In contrast to the density structure function, the nucleon spin density structure function has a finite width which is related to the spin fluctuation rate of individual nucleons. This implies a new mode of energy transfer between neutrinos and the nuclear medium which is of comparable importance to ordinary recoil effects. In addition, weak interaction rates depend on spatial correlations of the nuclear spin- and isospin-densities. Thus, accurate measurements of the neutrino signal from a nearby supernova might provide important information on the equation of state of hot nuclear matter. Such measurements might be possible with the next generation neutrino detectors such as Super-Kamiokande which just started operation or the Sudbury Neutrino Observatory which is under construction. Motivated by that, I plan to extend these investigations and do a systematic study of weak interaction rates in nuclear matter using methods of finite temperature field theory. My goal is to treat the temporal and the usually much more familiar spatial dependence of the structure functions on an equal footing for the first time. I believe that this will allow considerable progress in the understanding of the type II supernova phenomenon.

spin density structure function in a one dimensional model As a first step in this direction, here is a simple toy model for nucleon spin evolution in a hot and dense nuclear medium I developed with Georg Raffelt. A given nucleon is limited to one-dimensional motion in a distribution of external, spin-dependent scattering potentials. The figure on the left is an example for the numerically calculated spin autocorrelation function in frequency space at a temperature of 30 MeV, where the external potential varies between 10 and 30 MeV, depending on the relative orientation of external and test particle spin. The density of scatterers for the cases shown is 0.2, 0.4, 0.8, 1.2, 2, 4, and 12 per femtometer in descending order at the left end.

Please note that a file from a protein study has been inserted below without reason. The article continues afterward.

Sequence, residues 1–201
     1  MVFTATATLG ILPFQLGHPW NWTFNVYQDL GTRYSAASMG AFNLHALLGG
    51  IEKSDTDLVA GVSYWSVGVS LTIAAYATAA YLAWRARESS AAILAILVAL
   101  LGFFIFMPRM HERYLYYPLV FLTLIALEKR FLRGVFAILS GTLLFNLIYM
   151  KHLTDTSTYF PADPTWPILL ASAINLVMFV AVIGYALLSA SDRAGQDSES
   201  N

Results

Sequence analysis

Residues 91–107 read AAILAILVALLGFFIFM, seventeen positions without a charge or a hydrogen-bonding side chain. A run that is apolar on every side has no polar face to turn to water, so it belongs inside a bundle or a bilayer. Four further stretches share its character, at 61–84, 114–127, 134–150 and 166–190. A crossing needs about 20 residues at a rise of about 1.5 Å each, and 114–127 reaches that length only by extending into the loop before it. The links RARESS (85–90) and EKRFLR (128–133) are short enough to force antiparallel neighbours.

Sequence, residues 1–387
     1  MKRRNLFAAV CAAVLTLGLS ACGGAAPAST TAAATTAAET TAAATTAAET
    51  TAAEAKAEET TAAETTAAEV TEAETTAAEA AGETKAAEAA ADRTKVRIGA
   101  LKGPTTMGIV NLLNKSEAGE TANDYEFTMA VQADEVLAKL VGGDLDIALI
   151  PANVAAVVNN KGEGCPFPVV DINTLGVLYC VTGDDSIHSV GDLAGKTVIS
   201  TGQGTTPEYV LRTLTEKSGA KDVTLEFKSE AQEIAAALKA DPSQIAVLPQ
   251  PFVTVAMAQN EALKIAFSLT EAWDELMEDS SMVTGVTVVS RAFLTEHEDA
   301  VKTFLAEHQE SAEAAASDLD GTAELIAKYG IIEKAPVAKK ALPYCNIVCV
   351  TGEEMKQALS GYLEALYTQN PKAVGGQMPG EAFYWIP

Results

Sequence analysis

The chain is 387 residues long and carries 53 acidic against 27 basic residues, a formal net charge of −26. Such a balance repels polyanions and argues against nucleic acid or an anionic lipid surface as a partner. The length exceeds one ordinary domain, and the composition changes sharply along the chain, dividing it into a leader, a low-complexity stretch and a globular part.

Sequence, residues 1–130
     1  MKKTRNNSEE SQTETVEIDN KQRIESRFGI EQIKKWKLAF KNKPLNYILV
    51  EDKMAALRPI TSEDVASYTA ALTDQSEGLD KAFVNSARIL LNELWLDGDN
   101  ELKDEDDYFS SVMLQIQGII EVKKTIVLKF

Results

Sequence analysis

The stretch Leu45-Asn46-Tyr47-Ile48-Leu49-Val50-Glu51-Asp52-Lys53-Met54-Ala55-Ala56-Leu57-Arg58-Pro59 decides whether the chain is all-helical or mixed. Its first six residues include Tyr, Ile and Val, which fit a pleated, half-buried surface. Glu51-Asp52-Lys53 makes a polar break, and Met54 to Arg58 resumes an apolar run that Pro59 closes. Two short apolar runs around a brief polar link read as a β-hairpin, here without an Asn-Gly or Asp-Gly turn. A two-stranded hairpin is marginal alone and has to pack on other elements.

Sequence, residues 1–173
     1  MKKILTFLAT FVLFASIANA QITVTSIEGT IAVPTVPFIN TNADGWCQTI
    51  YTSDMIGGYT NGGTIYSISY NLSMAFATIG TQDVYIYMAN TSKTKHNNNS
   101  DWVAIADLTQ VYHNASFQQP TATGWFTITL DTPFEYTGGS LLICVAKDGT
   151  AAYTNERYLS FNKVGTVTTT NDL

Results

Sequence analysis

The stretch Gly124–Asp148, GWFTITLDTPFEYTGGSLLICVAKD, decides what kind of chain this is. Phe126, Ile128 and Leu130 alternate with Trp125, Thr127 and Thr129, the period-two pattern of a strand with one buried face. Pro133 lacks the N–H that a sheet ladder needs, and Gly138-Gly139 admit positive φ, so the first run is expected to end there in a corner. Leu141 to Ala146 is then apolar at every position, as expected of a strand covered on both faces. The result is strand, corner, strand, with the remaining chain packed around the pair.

For all plausible parameter combinations mimicking the conditions in a supernova core, the width of the spin density structure function was found to be less than the temperature. This is in contrast with a naive perturbative calculation based on the one-pion exchange potential which overestimates this width and suggests a large suppression of the neutrino opacities by nucleon spin fluctuations.

I am now thinking about a more ambitious calculation of response functions in hot nuclear matter, using quantum Monte Carlo codes that implement realistic nuclear interactions in a truly many body frame work. This work is planned together with Ted Ressell (U of C).

I am performing the theoretical studies mostly in connection with the Sonderforschungsbereich Astroteilchenphysik (particle astrophysics) . To combine such studies with full blown numerical supernova simulations, I collaborate with people from the hydrodynamics group at the Max Planck Institut für Astrophysik, Garching bei München, such as Thomas Janka who is an expert in computational astrophysics.